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Trump Announces Panel To Look At Nursing Home Responses To Coronavirus Outbreak

President Trump Thursday announced the formation of an independent commission to look at the response of nursing homes to the coronavirus. The move comes as nursing home operators clamor for more equipment and testing.

In comments at a White House event, Trump acknowledged that nursing homes were "a spot that we have to take care of. I guess you could call it a little bit of a weak spot, because things are happening at the nursing homes that we're not happy about."

The panel will be known officially as the Coronavirus Commission for Safety and Quality in Nursing Homes. It will look at how nursing homes have responded to the pandemic and recommend improvements. Members will include nursing home operators, resident advocates and public officials.

The Federal Emergency Management Agency also announced it will send two shipments of personal protective gear to every nursing home, each shipment containing a one-week supply, by July 4.

The American Health Care Association, which represents most nursing homes, applauded the announcement. In a statement, president and CEO Mark Parkinson said, "We appreciate the commission and the plan of action announced today by the Trump administration as an important step forward to ensure long term care facilities receive the vital support needed during this unprecedented public health crisis."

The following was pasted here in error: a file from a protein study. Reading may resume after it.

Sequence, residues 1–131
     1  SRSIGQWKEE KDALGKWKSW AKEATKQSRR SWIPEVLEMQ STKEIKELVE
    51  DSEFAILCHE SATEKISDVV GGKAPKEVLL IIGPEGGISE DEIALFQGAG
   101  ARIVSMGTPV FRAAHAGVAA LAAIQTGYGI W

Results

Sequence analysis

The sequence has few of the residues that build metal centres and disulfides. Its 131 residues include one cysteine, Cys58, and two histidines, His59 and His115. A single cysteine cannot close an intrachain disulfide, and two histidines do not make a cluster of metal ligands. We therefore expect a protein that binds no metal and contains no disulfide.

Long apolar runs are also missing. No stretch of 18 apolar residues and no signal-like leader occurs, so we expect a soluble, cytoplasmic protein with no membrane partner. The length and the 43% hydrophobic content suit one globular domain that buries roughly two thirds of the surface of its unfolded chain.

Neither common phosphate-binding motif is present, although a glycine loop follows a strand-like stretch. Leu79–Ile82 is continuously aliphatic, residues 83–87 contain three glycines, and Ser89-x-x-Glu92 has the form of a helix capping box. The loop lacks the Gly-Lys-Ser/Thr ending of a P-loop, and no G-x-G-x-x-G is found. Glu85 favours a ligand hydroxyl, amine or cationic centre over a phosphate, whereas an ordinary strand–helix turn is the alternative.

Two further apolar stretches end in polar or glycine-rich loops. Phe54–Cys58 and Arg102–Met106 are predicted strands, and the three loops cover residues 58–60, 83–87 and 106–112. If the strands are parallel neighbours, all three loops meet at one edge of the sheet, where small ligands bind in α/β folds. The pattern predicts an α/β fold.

But the praise from the nursing home industry was not universal. LeadingAge, which represents nonprofit senior services including nursing homes, blasted the administration for leaving testing out of its plan. President and CEO Katie Smith Sloan said in a statement, "Today's announcements fell far short of what's needed to protect the most vulnerable Americans from the coronavirus."

Copyright 2021 NPR. To see more, visit https://www.npr.org.

Ina Jaffe is a veteran NPR correspondent covering the aging of America. Her stories on Morning Edition and All Things Considered have focused on older adults' involvement in politics and elections, dating and divorce, work and retirement, fashion and sports, as well as issues affecting long term care and end of life choices. In 2015, she was named one of the nation's top "Influencers in Aging" by PBS publication Next Avenue, which wrote "Jaffe has reinvented reporting on aging."